Sunday, June 21, 2009

The Art of Cinching Up a Saddle, Part The Last

Smokey's last "episode" came shortly after the incident at the saddle shop. I was not present, so I am relaying this story second hand.

Mrs. BR, DN2, and DN3 were going on a trail ride. One of them was going to use Smokey. As the other horses are easy to saddle up, and they did not routinely ride Smokey, it slipped their minds to take care. The cinch was tightened in one fell swoop. And, of course, the horse rears up and flops over. However, there was one key difference. The previous times, I had been holding his lead rope. This time he was tied to a fence railing. He landed with his head and neck stretched out, suffocating himself on his halter. His eyes rolled back in his head. Mrs. BR told me the thought passed through her head to just let him kill himself and put an end to this nonsense.

Realizing, of course, that I might not take too kindly to such things, she undid the quick release knot on the rope, thus thwarting Smokey's effort to travel over the Rainbow Bridge.

It has been close to three years since he has overreacted to being cinched up. I've learned to tighten the cinch incrementally. He will put up a token protest, dancing around a bit, but I just ignore it, and it quickly stops.

The question arises: Why would a horse behave so while being cinched up? There is no way to be certain of course, but I suspect one of two possibilities.

1. A previous owner frequently cinched him up too tight, causing him to be in pain.

2. This behavior scared a previous owner, who would, instead of ignoring it, unsaddle him and put him back in the pasture. This would have taught him that behaving badly resulted in what for him was a reward.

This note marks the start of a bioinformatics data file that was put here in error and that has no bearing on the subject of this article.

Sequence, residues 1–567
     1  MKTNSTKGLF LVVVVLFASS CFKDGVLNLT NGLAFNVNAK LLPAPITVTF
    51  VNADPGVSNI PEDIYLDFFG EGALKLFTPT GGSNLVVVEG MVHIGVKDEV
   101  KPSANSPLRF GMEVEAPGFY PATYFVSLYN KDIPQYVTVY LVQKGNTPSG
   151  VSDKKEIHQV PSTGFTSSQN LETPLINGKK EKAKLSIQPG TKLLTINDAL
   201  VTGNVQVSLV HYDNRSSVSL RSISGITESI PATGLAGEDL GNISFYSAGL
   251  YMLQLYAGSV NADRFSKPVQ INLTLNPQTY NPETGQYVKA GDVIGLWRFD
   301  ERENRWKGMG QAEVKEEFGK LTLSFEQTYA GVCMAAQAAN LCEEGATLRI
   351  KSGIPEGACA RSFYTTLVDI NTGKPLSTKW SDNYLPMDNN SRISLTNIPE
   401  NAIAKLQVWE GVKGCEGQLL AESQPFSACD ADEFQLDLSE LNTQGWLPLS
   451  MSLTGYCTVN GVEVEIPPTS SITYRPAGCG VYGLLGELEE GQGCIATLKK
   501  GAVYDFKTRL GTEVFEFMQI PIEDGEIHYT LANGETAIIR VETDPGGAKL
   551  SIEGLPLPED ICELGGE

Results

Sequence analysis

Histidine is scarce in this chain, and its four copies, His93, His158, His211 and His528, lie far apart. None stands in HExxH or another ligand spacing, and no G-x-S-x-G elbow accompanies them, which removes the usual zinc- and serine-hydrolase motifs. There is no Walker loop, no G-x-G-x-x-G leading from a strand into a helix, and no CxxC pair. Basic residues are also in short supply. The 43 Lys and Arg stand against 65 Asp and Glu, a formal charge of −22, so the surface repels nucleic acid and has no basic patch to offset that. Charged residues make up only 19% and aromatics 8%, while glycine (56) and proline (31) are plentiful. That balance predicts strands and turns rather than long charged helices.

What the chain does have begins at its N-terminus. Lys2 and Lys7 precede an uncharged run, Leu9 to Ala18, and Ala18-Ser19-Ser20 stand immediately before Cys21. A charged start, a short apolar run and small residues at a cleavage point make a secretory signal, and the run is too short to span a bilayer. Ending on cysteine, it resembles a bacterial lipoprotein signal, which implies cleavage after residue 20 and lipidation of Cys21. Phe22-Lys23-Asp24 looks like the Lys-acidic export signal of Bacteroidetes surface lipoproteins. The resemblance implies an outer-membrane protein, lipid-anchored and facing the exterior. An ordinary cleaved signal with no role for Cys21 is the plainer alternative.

I tend to lean towards the latter option. Through the grapevine I've heard that he had an owner who was scared of him. This behavior certainly scared members of my family.

One of the things I've learned in my limited experience is that most horses have their quirks. Some quirks can be trained out of them, but with others, we have to decide if we are willing to live with them. If the quirk is dangerous, such as bucking or rearing, it's time for a different horse. Otherwise we just cope with, and for the most part, ignore, the habit. Smokey has learned that bad behavior will not be rewarded, and that I am not going to go away. I have learned to tolerate the little things that really just don't matter.

Horses are capable of teaching us a great deal about ourselves, if we are smart enough to pay attention.

4 comments:

Ann from Montana said...

most horses have their quirks. Some quirks can be trained out of them, but with others, we have to decide if we are willing to live with them

I think we can mostly substitute, "dogs, cats, friends, lovers, etc." for horses

And if we can cope with, and for the most part, ignore, the habit.
...
and learn to tolerate the little things that really just don't matter.
- then, that is a good thing :)!

Glad to hear that Mrs. BR did not allow Smokey to proceed over Rainbow Bridge just yet!

Buckskins Rule said...

Ann: You are so right about the things that could be substituted. And I'm glad Smokey is still with me, too!

Buck said...

Horses are capable of teaching us a great deal about ourselves, if we are smart enough to pay attention.

Ah, I'm kinda-sorta late to the party. But... what Ann said in this space. There are a lot of "life lessons" to be found in unexpected places. The trick is recognizing them as such.

Thanks for this series of posts, Buckskins.

Jessica said...

Ah, I see the baggage. :)

The fine trainers we got Lena from insisted on gradual cinching. From the horse's standpoint, I can really see why.

Would you like me to grab your belt and pull tight all of a sudden? I think not.

Knee me in the belly, too? Wow, you do want to get bucked off.

Horses are indeed capable of teaching us what we are smart enough to learn.

You have also come a long way with Mr. Smokey! Good on you, Dave!